3. Sightings At Tangmere Close
          4. Music For The 3rd Floor Atrium
          5. Rose Building Improv Group
          6. Next Door’s Granular Band Practice
          7. Hocombe Astral Projection Society (Abridged)
          8. New European Optimism
          9. Derwenthorpe Rainwater Harvest
          10. Municipal Harmonics
          11. Near Future Residence

          William Doyle

          Great Spans Of Muddy Time

            It’s nearly a decade since William Doyle handed a CD-R demo to the Quietus co-founder John Doran at a gig, who loved it so much he set up a label to release Doyle’s debut EP (as East India Youth). Doyle’s debut album, Total Strife Forever, followed in 2014, as did a nomination for the Mercury Music Prize. A year later, he was signed to XL, touring the world and about to release his second album – all by the age of 25.

            After self-releasing four ambient and instrumental albums, Doyle’s third full-length record – and the first under his own name – Your Wilderness Revisited arrived to ecstatic reviews in 2019: Line of Best Fit described it as “a dazzlingly beautiful triumph of intention” and Metro declared it an album not only of the year, but “of the century”. Just over a year later, as he turns 30, Doyle is back with Great Spans of Muddy Time.

            Born from accident but driven forward by instinct, Great Spans’ was built from the remnants of a catastrophic hard-drive failure. With his work saved only to cassette tape, Doyle was forced to accept the recordings as they were – a sharp departure from his process on Your Wilderness Revisited, which took four long years to craft toward perfection. “Instead of feeling a loss that I could no longer craft these pieces into flawless ‘Works of Art’, I felt intensely liberated that they had been set free from my ceaseless tinkering,” Doyle says.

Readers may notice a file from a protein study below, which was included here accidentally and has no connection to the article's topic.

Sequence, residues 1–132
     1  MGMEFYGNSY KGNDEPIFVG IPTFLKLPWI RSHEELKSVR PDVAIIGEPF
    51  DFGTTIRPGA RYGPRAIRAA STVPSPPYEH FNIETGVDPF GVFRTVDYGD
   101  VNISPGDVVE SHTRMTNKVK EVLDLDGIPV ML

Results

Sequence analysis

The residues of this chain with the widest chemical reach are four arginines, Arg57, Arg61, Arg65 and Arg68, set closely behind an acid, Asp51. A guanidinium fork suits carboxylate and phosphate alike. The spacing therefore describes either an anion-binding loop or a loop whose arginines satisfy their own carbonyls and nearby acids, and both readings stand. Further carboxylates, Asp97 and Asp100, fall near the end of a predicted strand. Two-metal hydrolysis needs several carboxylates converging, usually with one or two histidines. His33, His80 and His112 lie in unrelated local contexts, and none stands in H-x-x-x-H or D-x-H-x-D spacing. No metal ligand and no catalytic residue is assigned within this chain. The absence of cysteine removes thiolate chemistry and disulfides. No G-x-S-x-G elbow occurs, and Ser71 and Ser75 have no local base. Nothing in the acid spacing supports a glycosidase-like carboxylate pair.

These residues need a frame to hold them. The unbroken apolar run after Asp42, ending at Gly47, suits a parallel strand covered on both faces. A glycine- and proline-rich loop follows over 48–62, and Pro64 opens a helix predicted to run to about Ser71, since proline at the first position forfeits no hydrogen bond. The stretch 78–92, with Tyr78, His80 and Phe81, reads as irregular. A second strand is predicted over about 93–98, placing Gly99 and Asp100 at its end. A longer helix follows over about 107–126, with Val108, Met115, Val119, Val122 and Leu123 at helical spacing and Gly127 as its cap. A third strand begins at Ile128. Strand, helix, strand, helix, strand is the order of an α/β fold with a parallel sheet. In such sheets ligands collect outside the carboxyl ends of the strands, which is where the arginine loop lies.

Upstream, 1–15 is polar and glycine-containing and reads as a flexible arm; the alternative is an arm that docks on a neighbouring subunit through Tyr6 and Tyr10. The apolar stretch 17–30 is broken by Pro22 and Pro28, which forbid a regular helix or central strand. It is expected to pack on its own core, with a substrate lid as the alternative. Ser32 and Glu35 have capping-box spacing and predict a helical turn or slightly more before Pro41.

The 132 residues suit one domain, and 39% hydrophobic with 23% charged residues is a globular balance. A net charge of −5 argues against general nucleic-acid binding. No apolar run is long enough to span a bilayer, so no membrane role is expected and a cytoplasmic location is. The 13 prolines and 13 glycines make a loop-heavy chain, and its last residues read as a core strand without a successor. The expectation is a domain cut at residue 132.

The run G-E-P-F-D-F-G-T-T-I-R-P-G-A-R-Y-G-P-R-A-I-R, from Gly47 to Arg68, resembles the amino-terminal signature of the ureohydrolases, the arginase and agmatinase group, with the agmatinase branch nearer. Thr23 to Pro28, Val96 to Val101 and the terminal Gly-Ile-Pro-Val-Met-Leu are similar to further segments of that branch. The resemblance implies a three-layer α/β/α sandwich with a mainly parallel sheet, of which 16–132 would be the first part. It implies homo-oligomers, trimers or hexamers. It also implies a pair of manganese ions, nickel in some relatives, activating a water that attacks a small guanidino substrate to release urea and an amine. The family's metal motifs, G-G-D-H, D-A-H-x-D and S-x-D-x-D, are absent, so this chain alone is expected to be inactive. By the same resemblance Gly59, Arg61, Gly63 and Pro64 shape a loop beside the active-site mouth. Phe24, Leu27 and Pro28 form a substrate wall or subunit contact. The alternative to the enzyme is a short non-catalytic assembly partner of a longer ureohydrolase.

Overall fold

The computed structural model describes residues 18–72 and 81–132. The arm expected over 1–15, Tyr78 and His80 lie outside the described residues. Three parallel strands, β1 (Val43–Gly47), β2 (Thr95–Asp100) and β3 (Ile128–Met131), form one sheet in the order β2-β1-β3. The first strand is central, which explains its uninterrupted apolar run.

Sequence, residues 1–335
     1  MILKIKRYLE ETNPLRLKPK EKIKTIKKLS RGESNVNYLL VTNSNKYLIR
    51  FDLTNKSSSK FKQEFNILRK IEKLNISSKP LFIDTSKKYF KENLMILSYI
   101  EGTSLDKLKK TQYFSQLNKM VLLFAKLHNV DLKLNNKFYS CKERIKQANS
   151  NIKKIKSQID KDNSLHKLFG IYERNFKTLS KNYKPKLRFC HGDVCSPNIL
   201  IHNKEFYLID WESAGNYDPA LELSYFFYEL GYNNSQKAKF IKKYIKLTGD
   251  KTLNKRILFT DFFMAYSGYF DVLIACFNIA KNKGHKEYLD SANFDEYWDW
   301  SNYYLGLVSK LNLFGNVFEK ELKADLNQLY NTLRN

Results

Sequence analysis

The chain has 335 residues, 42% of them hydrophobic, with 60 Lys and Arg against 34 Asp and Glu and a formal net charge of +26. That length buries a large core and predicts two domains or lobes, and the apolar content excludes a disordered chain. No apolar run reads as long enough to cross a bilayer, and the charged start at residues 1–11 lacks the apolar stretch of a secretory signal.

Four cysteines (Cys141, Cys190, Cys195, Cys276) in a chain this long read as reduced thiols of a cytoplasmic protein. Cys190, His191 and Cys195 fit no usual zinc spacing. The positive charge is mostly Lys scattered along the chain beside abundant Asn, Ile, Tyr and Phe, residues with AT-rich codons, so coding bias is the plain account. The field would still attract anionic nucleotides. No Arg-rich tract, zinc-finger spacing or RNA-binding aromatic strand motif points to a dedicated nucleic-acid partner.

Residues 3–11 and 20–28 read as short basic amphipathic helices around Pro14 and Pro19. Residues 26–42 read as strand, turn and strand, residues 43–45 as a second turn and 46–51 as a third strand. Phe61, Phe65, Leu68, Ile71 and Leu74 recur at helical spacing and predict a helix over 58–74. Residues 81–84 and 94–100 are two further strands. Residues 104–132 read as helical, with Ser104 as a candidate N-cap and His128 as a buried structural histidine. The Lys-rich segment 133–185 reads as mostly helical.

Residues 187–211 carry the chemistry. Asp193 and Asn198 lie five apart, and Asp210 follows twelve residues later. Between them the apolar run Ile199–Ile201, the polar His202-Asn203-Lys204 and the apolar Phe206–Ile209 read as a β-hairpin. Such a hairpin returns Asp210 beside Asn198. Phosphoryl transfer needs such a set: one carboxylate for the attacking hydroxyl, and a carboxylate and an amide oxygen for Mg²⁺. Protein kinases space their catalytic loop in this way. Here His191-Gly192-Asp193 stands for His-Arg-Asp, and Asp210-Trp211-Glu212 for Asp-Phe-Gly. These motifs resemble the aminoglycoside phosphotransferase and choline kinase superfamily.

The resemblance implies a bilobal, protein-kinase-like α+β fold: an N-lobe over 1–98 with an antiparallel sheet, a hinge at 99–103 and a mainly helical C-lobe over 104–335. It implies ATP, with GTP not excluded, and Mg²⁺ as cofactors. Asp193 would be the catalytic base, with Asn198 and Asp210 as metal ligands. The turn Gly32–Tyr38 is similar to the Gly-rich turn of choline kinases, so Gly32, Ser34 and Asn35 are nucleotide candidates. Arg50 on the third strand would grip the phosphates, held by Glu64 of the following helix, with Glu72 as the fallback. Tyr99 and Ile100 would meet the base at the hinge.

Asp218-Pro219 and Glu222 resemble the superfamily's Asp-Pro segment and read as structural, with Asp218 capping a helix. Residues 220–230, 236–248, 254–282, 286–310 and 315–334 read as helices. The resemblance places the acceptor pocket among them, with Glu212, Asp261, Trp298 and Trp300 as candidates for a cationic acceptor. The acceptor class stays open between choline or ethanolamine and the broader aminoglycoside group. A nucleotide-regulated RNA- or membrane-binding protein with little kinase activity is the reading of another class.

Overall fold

“The album this turned out to be – and that I’ve wanted to make for ages – is a kind of Englishman-gone-mad, scrambling around the verdancy of the country’s pastures looking for some sense,” says Doyle. “It has its seeds in Robert Wyatt, early Eno, Robyn Hitchcock, and Syd Barrett.” Doyle credits Bowie’s ever-influential Berlin trilogy, but also highlights a much less expected muse: Monty Don, presenter of the BBC programme Gardeners’ World, Doyle’s lockdown addiction.

            “I became obsessed with Monty Don. I like his manner and there's something about him I relate to. He once described periods of depression in his life as consisting of ‘nothing but great spans of muddy time’. When I read that quote I knew it would be the title of this record,” Doyle says. “Something about the sludgy mulch of the album’s darker moments, and its feel of perpetual autumnal evening, seemed to fit so well with those words. I would also be lying if I said it didn’t chime with my mental health experiences as well.”

            Great Spans of Muddy Time is a beautiful ode to the power of accident, instinct and intuition. The result, however, is far from an anomaly: this celebration of the imperfect album is one that required years of honed craft and dedicated focus to achieve. “For the first time in my career, the distance between what I hear and what the listener hears is paper-thin,” Doyle says. “Perhaps therein reveals a deeper truth that the perfectionist brain can often dissolve.”


            STAFF COMMENTS

            Barry says: There has been a significant stylistic change in Doyle's output since his early material as East India Youth, and every single note oozes with the intellectual construction and well placed melodic sensibilities that will ensure his place in the musical landscape for years to come. 'Great Spans...' is a wonderfully rich and fascinating journey, and one that rewards with each further listen.

            TRACK LISTING

            Side A
            I Need To Keep You In My Life
            And Everything Changed (But I Feel Alright) 
            Somewhere Totally Else
            Shadowtackling
            Who Cares
            Nothing At All

            Side B
            Rainfalls
            New Uncertainties
            St. Giles’ Hill
            Semi-bionic
            A Forgotten Film
            Theme From Muddy Time
            [a Sea Of Thoughts Behind It]